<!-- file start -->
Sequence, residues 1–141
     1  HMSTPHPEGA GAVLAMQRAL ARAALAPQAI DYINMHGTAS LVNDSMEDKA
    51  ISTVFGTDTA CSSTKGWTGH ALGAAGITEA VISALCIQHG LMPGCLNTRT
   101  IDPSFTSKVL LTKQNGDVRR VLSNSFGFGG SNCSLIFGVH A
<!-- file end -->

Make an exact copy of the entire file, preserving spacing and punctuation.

Sequence, residues 1–141
     1  HMSTPHPEGA GAVLAMQRAL ARAALAPQAI DYINMHGTAS LVNDSMEDKA
    51  ISTVFGTDTA CSSTKGWTGH ALGAAGITEA VISALCIQHG LMPGCLNTRT
   101  IDPSFTSKVL LTKQNGDVRR VLSNSFGFGG SNCSLIFGVH A